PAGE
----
People who are contemplating bioidentical hormone replacement therapy (BHRT) will naturally want to know how much it will cost. While not exorbitant, the initial outlay for BHRT may, in many cases, be more than what you are used to paying for a doctor's visit and getting a prescription filled. If your primary care doctor, gynecologist or other health care provider is willing to evaluate you prior to prescribing BHRT, you may only need to submit the copayment required by your medical insurance at the time of your appointment. However, if you seek out a specialist in BHRT, he or she may not be a member of the network of health care providers covered by your insurance policy, and you may have to pay the full price of an office visit if your out-of-network deductible has not been met. Blood tests ordered by your BHRT physician also may not be covered by your insurance.
The answer to how much does hormone therapy cost may depend greatly upon your health insurance coverage.
Some prescription hormone therapy costs are covered by insurance
Some prescription bioidentical hormones may be covered by insurance, but others may not, particularly those formulated by a compounding pharmacy. Compounding pharmacies will often provide a claim form that can be completed by patients and mailed to their insurance company to obtain a reimbursement. Nevertheless, many health insurance policies exclude coverage for compounded medications.
Some hormones are available over-the-counter
Some hormones may be available without a prescription, including micronized progesterone, DHEA, and pregnenolone. The purchase of these over-the-counter products is usually not covered by insurance. All of this can add up to a significant upfront cost, not to mention the continued expense of follow-up visits with your BHRT doctor and periodic prescription refills. Yet, BHRT can save you money. While the initial hormone replacement therapy cost may seem high in some cases, the preventive benefits of BHRT can be considerable.
BHRT saves money in the long-run by preventing disease
Bioidentical hormone replacement therapy has been associated with the prevention of a range of diseases, the price of which, to the individual and society, is staggering. For example, the cost for disability caused by osteoporosis and associated fractures is significant, and the use of bioidentical hormones, along with nutrients, can go a long way toward preventing the disease. Natural progesterone has been associated with a reduced risk of blood clots in comparison with the risk in nonusers.1 Having a high level of estriol, a natural estrogen, has been associated with a lower risk of breast cancer.2 Furthermore, it is believed that estradiol, another natural estrogen compound, may protect a woman from Alzheimer's disease if given at the onset of menopausal symptoms.3,4,5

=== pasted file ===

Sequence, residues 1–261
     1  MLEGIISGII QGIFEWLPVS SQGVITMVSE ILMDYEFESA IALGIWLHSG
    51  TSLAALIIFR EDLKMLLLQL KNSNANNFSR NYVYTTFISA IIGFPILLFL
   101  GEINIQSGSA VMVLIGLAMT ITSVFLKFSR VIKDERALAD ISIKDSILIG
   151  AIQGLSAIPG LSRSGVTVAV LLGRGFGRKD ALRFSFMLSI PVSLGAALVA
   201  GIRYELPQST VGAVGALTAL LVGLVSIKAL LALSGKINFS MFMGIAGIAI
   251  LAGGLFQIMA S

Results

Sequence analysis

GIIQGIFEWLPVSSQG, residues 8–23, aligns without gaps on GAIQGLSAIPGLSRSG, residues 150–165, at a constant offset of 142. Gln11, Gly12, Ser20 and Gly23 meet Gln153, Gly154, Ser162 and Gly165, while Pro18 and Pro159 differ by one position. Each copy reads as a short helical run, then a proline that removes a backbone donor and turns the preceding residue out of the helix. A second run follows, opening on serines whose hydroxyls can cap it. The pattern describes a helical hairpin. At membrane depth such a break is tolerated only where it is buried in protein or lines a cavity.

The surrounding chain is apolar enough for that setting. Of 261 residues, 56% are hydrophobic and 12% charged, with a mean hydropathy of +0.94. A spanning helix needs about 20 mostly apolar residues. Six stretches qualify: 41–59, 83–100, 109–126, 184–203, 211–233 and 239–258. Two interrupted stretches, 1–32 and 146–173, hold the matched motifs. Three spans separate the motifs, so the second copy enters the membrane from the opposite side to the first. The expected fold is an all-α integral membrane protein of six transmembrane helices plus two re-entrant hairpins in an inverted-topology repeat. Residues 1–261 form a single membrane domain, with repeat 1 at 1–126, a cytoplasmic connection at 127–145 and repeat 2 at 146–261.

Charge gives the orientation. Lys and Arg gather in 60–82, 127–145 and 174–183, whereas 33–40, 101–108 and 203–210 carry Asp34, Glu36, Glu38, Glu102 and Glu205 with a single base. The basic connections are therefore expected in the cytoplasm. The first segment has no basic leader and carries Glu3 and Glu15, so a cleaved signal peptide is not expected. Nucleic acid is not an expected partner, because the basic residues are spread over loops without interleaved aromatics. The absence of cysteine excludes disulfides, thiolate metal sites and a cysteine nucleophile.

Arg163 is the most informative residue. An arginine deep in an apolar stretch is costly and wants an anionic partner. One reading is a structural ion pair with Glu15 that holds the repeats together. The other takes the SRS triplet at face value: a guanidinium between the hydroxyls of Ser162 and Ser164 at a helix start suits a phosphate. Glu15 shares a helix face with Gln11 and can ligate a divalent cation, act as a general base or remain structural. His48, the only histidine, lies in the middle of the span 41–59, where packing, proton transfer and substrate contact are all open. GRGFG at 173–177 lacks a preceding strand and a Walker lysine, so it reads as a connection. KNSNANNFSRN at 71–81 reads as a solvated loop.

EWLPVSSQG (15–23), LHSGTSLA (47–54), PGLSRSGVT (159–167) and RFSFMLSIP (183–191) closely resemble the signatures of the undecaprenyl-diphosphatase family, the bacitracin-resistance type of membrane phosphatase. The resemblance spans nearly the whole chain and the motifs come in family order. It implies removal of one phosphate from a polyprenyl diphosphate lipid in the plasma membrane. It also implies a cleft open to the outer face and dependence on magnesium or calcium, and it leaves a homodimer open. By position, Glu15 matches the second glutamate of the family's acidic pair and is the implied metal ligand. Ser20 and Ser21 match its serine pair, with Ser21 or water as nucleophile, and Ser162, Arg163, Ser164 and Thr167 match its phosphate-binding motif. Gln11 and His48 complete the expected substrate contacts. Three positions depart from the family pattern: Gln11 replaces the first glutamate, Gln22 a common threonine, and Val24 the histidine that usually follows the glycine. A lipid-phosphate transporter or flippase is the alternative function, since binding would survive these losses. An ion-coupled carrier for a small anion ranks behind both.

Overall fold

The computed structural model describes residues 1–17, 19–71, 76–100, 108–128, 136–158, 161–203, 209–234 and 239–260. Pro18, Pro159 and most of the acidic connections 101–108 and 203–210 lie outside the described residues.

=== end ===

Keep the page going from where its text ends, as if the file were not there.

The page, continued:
Preventing suffering is priceless
Perhaps the greatest cost in terms of human suffering is the mental and emotional toll exacted by the decline in hormones associated with aging. Anxiety, depression, insomnia, fatigue, low libido, "brain fog," irritability, and more can result in years of psychological counseling (which may be partly covered by insurance), with little resulting benefit if the root cause is actually hormonal imbalances. For years, women have suffered from hormone-related symptoms in silence and men have been too embarrassed to consult their doctor about low testosterone. Rather than restoring their biochemistry to proper levels, women endure hot flashes and bad moods in the hope that the ravages of menopause are only a temporary transition. And lacking medical knowledge, men sometimes attempt to alleviate their depression and restore lagging libido with a different partner. The price of ineffective counseling, bogus remedies, antidepressants, sleeping pills, and other prescription drugs with their attendant side effects can be significant, but far worse is the human cost of mental anguish.
The bottom line
Far from wishing to paint a bleak picture, these significant costs to the individual and society can be prevented or relieved, in many cases, by the use of hormone replacement therapy. Although the initial out-of-pocket expense may be more than the cost of doctor office visits, one can't put a price on the long-term benefits.
- Circulation. 2007 Feb 20;115(7):840-5.
- Unpublished study performed at the Public Health Institute in Oakland, California, and funded by the US Army Medical Research and Material Command under DAMD 17- 99-1-9358.
- J Midlife Health. 2014 Jan;5(1):38-40.
- Front Biosci (Elite Ed). 2012 Jan 1;4:976-97.
- J Alzheimers Dis. 2011;26(3):495-505.